JERUSALEM — Israel and the United States are working to advance “common interests,” Prime Minister Benjamin Netanyahu said at the start of the weekly cabinet meeting.
He was speaking of this week’s “important” visits to Israel by U.S. Secretary of Defence Robert Gates, Middle East special envoy George Mitchell and national security adviser Gen. James Jones.
Netanyahu said the visits are being held as part of a tight network of links between Israel and the United States “that has existed in the past and will to continue to exist in the present.
“Our common interests encompass all the main areas of bilateral co-operation,” he said. “I believe that such an intensive continuity in contacts with the U.S. reflects our common denominator in the search for security stability, economic development, diplomatic progress and other strategic issues. This network of relations is important and steadfast.”
Netanyahu downplayed differences between Israel and the United States on issues such as a freeze in settlement construction.
“Naturally, even within the fabric of friendly bilateral relations between two allies, there will not be full agreement on every point,” the Israeli leader said. “On various issues, we are trying to reach the same understanding so that together we may advance our common goals – peace, security and prosperity for the entire Middle East.”
U.S. special envoy Mitchell called differences between Israel and the United States “discussions among friends” and “not disputes among adversaries.”
Mitchell met Sunday evening in Tel Aviv with Israeli Defence Minister Ehud Olmert as part of a series of meetings scheduled this week in the region.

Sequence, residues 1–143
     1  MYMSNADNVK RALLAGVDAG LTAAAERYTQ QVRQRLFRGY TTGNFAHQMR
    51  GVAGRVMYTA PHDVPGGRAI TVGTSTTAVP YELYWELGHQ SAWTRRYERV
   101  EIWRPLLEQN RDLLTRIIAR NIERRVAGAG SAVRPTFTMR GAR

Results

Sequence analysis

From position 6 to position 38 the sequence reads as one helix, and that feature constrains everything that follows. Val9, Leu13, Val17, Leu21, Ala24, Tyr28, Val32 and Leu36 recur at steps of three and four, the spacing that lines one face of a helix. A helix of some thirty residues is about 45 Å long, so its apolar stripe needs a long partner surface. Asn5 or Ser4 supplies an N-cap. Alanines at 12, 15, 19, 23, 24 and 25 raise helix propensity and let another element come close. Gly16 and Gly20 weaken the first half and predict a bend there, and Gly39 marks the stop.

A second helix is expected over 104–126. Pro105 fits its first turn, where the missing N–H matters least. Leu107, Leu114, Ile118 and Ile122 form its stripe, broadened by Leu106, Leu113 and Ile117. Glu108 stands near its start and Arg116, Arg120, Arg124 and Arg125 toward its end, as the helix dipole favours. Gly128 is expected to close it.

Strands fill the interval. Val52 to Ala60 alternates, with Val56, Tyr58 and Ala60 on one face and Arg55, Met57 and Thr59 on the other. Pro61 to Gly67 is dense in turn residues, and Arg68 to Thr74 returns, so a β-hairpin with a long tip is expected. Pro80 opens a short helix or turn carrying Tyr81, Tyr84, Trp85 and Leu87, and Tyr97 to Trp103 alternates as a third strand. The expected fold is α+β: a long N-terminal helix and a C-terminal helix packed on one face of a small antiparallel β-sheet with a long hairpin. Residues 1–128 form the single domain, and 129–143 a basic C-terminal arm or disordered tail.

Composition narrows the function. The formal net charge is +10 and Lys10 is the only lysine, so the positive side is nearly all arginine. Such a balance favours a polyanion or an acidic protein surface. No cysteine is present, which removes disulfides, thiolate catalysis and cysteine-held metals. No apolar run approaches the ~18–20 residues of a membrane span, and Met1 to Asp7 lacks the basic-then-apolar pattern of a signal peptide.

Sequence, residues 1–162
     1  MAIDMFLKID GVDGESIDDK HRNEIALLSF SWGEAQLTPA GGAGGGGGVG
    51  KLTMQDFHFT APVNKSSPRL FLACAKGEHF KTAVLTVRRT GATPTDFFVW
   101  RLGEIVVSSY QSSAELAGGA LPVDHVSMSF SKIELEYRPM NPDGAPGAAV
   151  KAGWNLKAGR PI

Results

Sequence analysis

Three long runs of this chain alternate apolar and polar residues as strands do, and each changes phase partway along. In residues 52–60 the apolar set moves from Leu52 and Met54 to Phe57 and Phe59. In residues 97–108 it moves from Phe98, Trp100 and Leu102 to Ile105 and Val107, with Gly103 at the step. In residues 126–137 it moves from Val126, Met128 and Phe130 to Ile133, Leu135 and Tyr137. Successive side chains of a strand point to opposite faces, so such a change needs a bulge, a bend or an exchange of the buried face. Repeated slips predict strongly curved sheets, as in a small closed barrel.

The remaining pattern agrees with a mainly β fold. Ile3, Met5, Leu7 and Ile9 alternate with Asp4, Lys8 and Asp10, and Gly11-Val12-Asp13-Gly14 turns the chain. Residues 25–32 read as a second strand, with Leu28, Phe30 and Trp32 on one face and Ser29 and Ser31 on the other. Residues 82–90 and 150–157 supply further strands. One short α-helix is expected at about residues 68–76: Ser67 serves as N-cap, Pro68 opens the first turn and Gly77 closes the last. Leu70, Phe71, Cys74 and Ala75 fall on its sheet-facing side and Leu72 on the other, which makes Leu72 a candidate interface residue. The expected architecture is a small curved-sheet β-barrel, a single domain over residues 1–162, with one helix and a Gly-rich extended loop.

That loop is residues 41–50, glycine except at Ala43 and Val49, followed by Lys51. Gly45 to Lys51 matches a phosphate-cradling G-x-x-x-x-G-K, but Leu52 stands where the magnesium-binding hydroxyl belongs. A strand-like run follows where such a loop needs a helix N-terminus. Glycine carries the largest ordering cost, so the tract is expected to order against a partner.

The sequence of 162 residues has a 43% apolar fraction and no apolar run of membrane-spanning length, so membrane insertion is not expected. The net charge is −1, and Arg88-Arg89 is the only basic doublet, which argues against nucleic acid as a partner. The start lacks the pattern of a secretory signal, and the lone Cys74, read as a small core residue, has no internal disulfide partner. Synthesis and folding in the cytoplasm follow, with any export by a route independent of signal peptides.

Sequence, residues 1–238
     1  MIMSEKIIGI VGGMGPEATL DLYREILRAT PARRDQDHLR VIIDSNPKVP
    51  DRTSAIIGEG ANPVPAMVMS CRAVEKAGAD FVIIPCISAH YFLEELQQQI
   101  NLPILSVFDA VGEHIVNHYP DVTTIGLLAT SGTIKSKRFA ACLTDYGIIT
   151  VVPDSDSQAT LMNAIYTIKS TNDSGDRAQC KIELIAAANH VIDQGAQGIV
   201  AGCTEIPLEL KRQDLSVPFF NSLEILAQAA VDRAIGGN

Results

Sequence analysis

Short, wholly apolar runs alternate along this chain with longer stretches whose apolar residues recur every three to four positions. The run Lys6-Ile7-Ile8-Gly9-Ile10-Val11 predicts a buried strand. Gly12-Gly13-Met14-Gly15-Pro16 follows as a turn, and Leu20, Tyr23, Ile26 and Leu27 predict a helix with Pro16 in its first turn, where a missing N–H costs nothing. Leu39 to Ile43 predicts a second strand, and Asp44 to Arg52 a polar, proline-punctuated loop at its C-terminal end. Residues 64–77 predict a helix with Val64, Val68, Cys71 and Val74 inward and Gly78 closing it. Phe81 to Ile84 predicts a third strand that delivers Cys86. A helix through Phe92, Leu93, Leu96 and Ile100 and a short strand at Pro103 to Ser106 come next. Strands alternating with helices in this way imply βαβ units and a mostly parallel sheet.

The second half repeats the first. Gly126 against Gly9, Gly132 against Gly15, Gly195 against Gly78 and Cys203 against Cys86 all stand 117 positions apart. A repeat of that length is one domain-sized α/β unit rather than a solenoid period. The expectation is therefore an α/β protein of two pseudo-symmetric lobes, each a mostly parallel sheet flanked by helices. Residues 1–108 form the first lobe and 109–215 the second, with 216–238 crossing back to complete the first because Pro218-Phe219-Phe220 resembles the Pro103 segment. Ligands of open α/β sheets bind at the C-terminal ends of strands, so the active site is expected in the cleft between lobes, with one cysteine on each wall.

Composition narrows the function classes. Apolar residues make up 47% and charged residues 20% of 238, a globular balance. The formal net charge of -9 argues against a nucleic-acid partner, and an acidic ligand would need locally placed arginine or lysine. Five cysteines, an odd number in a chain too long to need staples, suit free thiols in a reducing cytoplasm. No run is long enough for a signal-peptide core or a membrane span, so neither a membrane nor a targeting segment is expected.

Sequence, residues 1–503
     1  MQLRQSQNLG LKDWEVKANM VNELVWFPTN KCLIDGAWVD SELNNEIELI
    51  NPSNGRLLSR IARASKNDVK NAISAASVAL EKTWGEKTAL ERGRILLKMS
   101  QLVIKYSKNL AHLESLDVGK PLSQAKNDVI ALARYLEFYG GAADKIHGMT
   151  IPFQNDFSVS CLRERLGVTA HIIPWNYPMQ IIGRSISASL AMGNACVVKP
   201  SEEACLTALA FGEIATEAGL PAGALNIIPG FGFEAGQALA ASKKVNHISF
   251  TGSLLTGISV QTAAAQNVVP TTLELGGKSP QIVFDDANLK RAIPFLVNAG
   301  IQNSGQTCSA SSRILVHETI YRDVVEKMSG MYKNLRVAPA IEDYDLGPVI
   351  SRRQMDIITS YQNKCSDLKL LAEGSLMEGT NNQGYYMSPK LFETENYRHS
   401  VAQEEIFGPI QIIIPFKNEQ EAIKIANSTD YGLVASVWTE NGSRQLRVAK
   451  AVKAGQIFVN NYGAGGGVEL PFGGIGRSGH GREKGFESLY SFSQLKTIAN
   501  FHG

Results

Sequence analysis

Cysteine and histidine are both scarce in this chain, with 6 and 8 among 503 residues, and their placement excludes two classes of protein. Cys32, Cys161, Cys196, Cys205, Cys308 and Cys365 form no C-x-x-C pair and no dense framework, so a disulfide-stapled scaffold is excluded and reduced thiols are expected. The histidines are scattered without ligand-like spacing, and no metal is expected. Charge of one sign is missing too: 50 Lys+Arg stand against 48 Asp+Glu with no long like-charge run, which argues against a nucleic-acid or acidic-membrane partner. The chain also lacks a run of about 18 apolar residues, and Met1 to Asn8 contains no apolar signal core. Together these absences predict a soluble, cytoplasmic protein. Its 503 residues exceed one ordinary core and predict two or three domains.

“The American commitment to Israel’s security is unshakable and will not change,” Mitchell reportedly told Barak.
Barak told Mitchell that Israel is “willing to do all it takes to help” achieve peace in the region “while maintaining our vital interests. We understand the partners’ needs, and we undoubtedly could use Mitchell’s experience and wisdom in order to try and achieve this.”
Mitchell met Sunday morning in Damascus with Syrian President Bashar Assad, and he called on Syria to help bring about peace in the Middle East.
“If we are to succeed, we will need Arabs and Israelis alike to work with us to bring about comprehensive peace,” Mitchell told reporters following his meeting with Assad, Ha’aretz reported. “We will welcome the full co-operation of the government of the Syrian Arab Republic in this historic endeavour.”
Mitchell said that restarting talks between Israel and Syria in the near future is one of the goals of President Barack Obama’s administration. Turkey has said it is ready to resume mediation of those talks.
Syria continues to be under U.S. sanctions over its support for Hamas, but the United States under Obama recently sent an ambassador to the country for the first time in more than four years.
Mitchell was scheduled to meet Monday with Palestinian Authority President Mahmoud Abbas and the following day with Netanyahu.